RE: Barrel length question for the Guru's
It's a simple concept. All barrel lengths chosen are (like most things) a compromise between weight, handiness and technical issues. In the case of barrel lengh, standard cartridges don't need such a long barrel as magnums....as they carry less powder. A longer barrel for the magnum loads allows more of the (large) powder charge to be burnt...thus propelling the bullet to the higher velocities for which magnum loads are designed. With this in mind, it is almost always true that a magnum cartridge will suffer a greater loss of velocity from a shortened barrel...than will a standard cartridge. For example, if you compared a .308 Win.....and a .300 Win. Magnum....the .308 would usually get a 22" barrel (actually, a 24" barrel might be better....but 22" is a compromise). The .300 Win Mag needs at least a 24" barrel (even 26" to 28" would be better...again, it's a compromise), to extract all of the performance of which it is capable. If you were to cut the .308 barrel to 20"....and the .300 Win. Mag barrel to the same length.... the Magnum round would lose much more performance (over that of a more standard barrel lengh)....than would the .308. This is why most magnum rifles come with at least a 24" barrel....and often, a 26" one. Many custom magnum rifles come with barrels even longer than 26".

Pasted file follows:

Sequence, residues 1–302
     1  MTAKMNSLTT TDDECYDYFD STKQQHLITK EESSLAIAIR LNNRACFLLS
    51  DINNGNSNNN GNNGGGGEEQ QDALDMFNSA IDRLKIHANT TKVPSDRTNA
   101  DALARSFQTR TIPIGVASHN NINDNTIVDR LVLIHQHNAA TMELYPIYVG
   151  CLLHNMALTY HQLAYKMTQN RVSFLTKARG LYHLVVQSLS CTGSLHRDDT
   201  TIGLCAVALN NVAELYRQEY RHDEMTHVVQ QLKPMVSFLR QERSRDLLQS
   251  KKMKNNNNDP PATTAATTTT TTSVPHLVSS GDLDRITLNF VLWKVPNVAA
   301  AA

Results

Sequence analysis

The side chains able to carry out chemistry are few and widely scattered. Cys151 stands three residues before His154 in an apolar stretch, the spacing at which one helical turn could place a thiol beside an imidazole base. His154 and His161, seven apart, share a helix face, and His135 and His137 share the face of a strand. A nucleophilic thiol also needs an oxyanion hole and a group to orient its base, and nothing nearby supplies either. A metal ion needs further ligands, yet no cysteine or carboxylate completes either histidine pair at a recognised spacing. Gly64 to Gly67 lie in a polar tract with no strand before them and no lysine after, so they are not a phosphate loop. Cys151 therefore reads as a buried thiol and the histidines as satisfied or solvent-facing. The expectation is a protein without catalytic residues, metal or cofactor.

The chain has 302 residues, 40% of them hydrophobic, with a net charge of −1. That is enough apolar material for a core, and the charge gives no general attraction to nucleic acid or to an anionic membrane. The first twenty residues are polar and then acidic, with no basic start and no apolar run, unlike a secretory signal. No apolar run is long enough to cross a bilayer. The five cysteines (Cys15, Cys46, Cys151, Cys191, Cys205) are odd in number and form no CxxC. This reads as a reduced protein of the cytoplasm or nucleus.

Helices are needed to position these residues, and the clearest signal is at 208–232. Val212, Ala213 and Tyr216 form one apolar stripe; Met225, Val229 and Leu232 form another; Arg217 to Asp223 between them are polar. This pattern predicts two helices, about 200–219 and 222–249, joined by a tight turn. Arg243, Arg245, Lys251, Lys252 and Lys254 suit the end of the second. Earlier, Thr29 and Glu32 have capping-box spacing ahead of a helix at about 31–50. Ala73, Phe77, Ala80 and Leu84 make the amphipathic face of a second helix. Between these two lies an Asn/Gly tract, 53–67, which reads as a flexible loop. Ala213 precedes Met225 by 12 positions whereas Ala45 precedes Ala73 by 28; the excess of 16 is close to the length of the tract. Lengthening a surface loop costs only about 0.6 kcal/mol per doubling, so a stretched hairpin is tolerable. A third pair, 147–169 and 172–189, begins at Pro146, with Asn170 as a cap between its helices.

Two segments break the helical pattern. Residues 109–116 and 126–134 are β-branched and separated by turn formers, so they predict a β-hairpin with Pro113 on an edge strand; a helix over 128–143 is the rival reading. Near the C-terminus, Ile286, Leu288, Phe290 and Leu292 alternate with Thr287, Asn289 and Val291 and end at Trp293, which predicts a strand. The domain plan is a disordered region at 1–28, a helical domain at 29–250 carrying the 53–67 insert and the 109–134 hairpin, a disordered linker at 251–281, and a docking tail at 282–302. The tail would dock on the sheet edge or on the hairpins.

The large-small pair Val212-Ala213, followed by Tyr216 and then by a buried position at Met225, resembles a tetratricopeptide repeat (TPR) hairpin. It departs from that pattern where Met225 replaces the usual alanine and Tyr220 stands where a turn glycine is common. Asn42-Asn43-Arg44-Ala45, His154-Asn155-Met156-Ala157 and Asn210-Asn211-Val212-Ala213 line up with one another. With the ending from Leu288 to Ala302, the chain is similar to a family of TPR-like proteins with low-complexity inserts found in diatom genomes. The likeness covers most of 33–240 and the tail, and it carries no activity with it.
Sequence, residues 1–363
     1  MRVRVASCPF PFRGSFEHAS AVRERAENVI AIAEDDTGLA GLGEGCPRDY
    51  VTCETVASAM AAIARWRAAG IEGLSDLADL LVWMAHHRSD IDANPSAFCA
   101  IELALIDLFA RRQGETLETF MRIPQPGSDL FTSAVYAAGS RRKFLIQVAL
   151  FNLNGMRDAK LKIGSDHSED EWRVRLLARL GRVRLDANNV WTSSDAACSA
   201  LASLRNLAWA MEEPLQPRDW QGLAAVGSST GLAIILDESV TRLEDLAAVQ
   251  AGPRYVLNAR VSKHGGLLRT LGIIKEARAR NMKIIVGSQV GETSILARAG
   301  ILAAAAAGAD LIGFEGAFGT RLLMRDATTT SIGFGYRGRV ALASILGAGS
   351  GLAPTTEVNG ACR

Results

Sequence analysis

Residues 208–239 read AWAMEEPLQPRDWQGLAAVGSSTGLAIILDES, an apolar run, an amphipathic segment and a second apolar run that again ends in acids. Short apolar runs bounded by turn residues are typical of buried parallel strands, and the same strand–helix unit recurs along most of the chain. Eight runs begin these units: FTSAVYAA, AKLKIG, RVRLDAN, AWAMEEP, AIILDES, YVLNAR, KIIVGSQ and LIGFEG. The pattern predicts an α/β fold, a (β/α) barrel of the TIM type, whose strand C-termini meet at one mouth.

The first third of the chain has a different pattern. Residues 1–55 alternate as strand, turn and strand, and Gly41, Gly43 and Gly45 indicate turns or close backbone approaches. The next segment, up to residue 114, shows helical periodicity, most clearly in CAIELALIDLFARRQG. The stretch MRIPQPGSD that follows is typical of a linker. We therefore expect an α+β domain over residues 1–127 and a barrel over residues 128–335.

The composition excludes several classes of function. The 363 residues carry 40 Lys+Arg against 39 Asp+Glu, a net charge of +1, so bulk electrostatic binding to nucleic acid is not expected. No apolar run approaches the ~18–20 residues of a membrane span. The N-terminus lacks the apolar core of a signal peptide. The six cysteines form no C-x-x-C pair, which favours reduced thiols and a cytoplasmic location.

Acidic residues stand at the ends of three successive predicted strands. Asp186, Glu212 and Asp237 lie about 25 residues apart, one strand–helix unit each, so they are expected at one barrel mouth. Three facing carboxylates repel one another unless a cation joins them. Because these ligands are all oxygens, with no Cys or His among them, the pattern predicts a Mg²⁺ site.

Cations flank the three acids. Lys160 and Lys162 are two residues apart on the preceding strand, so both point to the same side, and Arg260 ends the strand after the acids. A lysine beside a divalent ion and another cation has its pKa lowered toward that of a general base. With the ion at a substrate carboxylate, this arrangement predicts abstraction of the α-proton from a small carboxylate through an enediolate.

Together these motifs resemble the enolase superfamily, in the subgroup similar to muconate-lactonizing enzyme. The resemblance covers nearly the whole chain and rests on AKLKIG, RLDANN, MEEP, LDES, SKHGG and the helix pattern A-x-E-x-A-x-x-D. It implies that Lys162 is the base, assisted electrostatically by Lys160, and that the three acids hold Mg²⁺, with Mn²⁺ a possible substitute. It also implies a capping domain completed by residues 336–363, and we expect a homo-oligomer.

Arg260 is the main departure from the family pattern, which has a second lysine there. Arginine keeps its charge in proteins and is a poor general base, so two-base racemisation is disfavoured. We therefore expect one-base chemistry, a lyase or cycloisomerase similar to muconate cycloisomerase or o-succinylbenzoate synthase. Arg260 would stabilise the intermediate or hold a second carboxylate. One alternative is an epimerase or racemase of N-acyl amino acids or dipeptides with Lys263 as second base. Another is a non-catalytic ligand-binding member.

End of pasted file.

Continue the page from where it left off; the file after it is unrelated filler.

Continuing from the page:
By the same concept, there is a maximum length, above which additional velocity is not worth the extra weight and unwieldyness. For standard rifle cartridges, anything longer than about 24" offers little advantage (and indeed, most ammo companies use 24" test barrels for their standard cartridges). For magnum rounds, often 26" is the standard test barrel length....but, not much would be gained from going beyond 28"...
I hope that this explanation will help clear the mystery.